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Letters From Flanders Written By 2nd Lieut. A. D. Gillespie, Argyll And Sutherland Highlanders

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Length: 174 pages4 hours

Summary

The sight of the kilted Highland regiment has always struck such fear into their Germans opponents of both World Wars; known to their Teutonic foes as the “Ladies from Hell” for their attire and fighting prowess. The memories of those brave Celtic Warriors fighting across the mud of Flanders remains in the swirl of the bagpipe laments, faded pictures and memoirs from their ranks.
The letters of two brothers Alexander and Thomas Gillespie still do survive, from the lowlands of Scotland, volunteered to serve in the British Army almost as soon as the war broke out leaving behind a career in law and academia respectively. They did not long have to wait to be thrown into the holocaust of the front lines; Tom was posted to the King’s Own Scottish Borderers and was immediately under the shellfire of the battle of the Marne and the Race to the sea before he was killed in action on October 18 1914 near La Bassée. Despite his brother’s ultimate sacrifice Alexander went forward to the front in February 1915 with the 2nd Battalion of the Argyll and Sutherland Highlanders. He led his men forward, as part of the first wave of the great push of the 19th Brigade on Cambrin Road, into the horrific shellfire and gas at the opening of the battle of Loos on the 25th September 1915. He was the only officer that made it to the German position that was their objective, but there he fell beneath the German fire.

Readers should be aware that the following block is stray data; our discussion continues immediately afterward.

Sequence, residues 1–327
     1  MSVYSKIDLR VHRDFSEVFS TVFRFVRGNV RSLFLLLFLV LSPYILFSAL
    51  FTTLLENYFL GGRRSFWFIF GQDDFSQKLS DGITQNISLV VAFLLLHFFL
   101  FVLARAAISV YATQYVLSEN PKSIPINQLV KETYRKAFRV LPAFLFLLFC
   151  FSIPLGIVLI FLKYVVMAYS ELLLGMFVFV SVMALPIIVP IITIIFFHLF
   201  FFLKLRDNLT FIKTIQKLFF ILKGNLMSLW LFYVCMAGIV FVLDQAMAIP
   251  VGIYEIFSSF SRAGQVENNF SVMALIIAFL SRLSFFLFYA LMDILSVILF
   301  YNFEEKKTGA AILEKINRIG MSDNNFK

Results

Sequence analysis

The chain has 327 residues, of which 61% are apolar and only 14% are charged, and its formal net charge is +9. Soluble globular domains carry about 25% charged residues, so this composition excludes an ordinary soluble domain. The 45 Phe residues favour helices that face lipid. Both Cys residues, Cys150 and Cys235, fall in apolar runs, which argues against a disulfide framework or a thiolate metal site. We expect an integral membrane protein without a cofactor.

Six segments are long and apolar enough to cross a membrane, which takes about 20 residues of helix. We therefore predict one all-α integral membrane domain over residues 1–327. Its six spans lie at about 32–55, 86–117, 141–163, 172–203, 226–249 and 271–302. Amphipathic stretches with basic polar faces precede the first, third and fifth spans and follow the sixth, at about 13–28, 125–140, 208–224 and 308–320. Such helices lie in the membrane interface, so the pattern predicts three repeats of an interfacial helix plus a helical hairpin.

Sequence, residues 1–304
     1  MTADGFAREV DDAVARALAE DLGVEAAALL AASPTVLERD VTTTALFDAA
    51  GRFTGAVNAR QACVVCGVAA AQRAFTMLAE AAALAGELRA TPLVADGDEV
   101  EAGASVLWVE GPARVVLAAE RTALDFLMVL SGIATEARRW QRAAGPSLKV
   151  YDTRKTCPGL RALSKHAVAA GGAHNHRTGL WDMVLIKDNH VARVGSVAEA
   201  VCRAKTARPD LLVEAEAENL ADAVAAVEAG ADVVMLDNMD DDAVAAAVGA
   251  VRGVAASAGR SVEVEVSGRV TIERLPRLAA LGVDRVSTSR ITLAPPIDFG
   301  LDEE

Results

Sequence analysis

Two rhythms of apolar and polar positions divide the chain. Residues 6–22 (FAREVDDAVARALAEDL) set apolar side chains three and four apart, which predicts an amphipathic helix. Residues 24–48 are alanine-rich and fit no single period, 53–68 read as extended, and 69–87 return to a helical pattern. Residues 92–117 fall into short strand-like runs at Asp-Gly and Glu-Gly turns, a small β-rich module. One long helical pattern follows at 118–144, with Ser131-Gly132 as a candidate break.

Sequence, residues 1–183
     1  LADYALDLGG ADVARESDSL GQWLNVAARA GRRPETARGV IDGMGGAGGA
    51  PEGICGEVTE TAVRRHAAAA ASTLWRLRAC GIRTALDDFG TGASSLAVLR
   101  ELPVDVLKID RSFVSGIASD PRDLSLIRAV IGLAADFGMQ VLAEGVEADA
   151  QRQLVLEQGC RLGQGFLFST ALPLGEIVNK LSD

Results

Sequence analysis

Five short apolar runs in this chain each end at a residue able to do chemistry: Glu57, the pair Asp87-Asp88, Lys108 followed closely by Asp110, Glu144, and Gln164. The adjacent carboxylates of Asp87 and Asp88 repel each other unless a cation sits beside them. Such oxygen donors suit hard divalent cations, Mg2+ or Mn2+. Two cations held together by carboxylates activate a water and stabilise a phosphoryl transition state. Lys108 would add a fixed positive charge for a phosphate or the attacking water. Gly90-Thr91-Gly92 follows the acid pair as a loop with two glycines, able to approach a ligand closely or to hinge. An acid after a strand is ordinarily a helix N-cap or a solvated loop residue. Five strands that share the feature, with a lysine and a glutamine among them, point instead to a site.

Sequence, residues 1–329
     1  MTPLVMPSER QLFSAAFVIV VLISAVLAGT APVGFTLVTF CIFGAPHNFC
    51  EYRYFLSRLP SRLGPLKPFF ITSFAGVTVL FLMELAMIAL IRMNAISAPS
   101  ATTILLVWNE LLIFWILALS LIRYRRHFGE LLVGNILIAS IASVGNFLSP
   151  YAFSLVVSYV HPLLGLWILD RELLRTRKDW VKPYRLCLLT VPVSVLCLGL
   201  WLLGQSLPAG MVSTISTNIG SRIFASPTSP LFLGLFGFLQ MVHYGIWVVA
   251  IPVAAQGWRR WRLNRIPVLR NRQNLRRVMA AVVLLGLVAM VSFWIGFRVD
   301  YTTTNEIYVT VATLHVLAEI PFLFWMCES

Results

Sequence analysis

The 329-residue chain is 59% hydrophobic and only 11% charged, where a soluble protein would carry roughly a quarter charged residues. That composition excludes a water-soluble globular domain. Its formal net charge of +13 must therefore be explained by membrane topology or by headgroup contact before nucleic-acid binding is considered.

A fine set of letters from the front lines of Flanders by two Scottish officers.

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